Fitzgerald: By 2025, the capabilities we have now are going to grow exponentially…If there are 100 satellites going around the globe right now, feeding our GPS signals and our Google maps and all of the things that we rely on now, then in another five years, there are going to be 10,000. These numbers aren’t exact, but it’s that order of magnitude. [And] these aren’t space station-sized satellites. They’re very small—the size of a suitcase or a countertop microwave oven. So, the idea that we could have that many around the Earth…It’s physically possible…It’s so hard to get your head wrapped around that, [but] that’s where it’s going.
That is so much more powerful than what we have now—say, an underwriter sitting at his or her desk scanning photos. Certainly being able to capture that data and have it in a digital form so you can always refer back to it and get trend lines over time—not from one or five or 20 accounts but from literally thousands of accounts that have a very detailed digital footprint that you can then analyze and draw meaning out of. It’s extremely exciting, and it’s going to be a step change in terms [of what carriers] can do certainly on underwriting and also on risk control…
A lot of [carrier use cases] have to do with large commercial risks…These [risks exist] either over a wide area or they have a number of pieces of equipment or building that are being assessed for underwriting inspection or underwriting evaluation. Or if there’s a claim and it’s actually being settled.
The best application for this is in the larger type of accounts—[and] that’s an area [that] the other technologies in play in P/C insurance haven’t really touched yet. But geospatial has the potential to really bring new and different value to that larger account segment.
Q: How are carriers using another threatening technology—commercial sensors and the Internet of Things?
Fitzgerald: The different sensors that we can, and do, put on machines or goods in transit or buildings—thermostats, smoke detectors—are all throwing off data. Then you can take that data and interpret it and get meaning out of it, decide whether there’s an action that needs to be taken.
The best and most evolved application [I have found] is AXA XL’s construction ecosystem. It involves technology that goes beyond just sensors, but sensors plays a real key role [in] really proactive risk management. Instead of risk management being reactive or after the fact or partial, or a point in time [when] there’s a risk engineer who goes out to a site and looks at something, this is making it much more continuous and much more real time. [It involves] activities like being able to tell from a photo that a pallet of material has been left in a traffic zone [of a] construction site. Using simple camera technology, you can tell if something’s in the wrong place, if it’s a possible slip-and-fall hazard. Previously, this was mitigated by either security guards doing their rounds or by risk managers or by supervisor training and saying, ‘Look out for this or that.’ Now, with IoT and the cameras, you can actually identify those and signal them without anyone having to notice them and react to them.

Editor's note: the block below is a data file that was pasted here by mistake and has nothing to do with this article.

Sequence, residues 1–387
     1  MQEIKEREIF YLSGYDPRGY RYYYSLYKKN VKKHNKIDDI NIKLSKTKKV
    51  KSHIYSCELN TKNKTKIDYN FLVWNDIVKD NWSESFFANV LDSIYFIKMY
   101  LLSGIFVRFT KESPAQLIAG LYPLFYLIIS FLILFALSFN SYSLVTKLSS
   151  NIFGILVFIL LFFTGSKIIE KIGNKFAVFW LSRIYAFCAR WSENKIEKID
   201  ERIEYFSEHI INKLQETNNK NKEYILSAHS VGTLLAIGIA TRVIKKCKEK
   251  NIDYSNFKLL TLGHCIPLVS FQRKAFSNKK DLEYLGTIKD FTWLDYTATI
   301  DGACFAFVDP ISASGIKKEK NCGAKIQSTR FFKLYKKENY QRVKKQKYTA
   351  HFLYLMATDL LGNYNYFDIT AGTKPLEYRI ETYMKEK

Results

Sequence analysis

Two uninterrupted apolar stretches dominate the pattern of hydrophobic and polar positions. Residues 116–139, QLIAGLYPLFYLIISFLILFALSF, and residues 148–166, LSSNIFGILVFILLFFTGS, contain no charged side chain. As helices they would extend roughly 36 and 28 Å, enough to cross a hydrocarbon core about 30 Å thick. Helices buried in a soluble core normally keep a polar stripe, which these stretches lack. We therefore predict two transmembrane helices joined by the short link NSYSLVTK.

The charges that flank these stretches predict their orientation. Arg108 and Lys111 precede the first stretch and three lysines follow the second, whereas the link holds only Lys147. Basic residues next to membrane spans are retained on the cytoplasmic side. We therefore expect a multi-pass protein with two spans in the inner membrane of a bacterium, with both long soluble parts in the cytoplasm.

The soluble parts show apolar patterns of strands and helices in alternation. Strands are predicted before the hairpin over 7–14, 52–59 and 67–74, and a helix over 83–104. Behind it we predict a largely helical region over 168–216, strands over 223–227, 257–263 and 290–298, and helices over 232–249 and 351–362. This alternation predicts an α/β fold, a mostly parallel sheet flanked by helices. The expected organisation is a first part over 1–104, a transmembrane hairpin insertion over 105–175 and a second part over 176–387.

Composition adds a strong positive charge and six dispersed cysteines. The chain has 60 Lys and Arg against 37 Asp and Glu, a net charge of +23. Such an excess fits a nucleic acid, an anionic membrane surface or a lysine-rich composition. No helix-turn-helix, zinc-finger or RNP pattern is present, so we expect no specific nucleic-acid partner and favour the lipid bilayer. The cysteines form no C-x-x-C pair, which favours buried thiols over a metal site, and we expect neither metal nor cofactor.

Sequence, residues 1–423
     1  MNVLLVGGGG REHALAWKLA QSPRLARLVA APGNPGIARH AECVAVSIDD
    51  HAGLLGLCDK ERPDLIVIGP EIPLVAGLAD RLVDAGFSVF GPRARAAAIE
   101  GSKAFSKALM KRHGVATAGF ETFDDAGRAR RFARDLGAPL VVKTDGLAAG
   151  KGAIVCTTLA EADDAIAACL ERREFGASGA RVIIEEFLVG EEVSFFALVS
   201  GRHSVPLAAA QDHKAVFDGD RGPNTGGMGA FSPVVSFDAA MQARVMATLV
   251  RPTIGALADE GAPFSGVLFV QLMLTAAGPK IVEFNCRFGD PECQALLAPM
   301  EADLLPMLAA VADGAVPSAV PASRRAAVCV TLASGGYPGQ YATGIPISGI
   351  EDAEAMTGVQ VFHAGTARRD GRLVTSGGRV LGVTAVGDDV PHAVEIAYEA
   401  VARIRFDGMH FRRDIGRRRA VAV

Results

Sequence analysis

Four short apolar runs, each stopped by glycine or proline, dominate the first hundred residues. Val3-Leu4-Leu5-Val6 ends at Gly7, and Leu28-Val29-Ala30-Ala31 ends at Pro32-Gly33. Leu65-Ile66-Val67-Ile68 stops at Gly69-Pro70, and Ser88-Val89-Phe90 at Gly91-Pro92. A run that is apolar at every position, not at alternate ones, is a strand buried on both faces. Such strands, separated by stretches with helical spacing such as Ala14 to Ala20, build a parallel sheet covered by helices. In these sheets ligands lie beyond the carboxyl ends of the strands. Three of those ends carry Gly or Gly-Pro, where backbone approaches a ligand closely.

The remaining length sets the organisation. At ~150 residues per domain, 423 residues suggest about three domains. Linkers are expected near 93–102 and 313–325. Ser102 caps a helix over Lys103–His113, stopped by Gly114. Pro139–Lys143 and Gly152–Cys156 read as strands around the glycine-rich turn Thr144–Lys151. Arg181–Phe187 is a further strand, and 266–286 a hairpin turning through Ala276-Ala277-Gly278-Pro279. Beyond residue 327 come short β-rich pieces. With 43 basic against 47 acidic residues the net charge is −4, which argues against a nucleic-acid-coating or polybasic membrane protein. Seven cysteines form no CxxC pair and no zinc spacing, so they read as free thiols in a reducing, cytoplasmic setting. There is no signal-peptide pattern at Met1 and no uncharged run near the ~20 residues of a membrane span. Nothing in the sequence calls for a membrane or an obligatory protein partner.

The challenge is you have all of these cameras around and all of these signals coming in. How do you make sense of them? And the type of thing that AXA XL’s ecosystem tries to do is to not only take the signals that are out there, but actually get meaning from them and then put that against a risk management context and decide whether or not there’s a potential hazard there that might need to be mitigated before there’s even a loss.
People buy insurance to indemnify them from a loss, but they also buy insurance, particularly in commercial lines, in order to avoid a loss all together. And commercial IoT has a huge opportunity to help with making that risk management be more risk avoidance than reactive and more real-time and more continuous…Every six months that goes by brings new opportunity and new capabilities. And we’re just going to see this continue…It will be up in the necessary phase very, very quickly.
(Editor’s Note: Gary Kaplan, president of North America Construction at AXA XL, wrote an exclusive article describing the development of AXA XL’s Construction Ecosystem earlier this year, “From ‘Blue Sky’ Thinking to Groundbreaking Risk Initiatives“)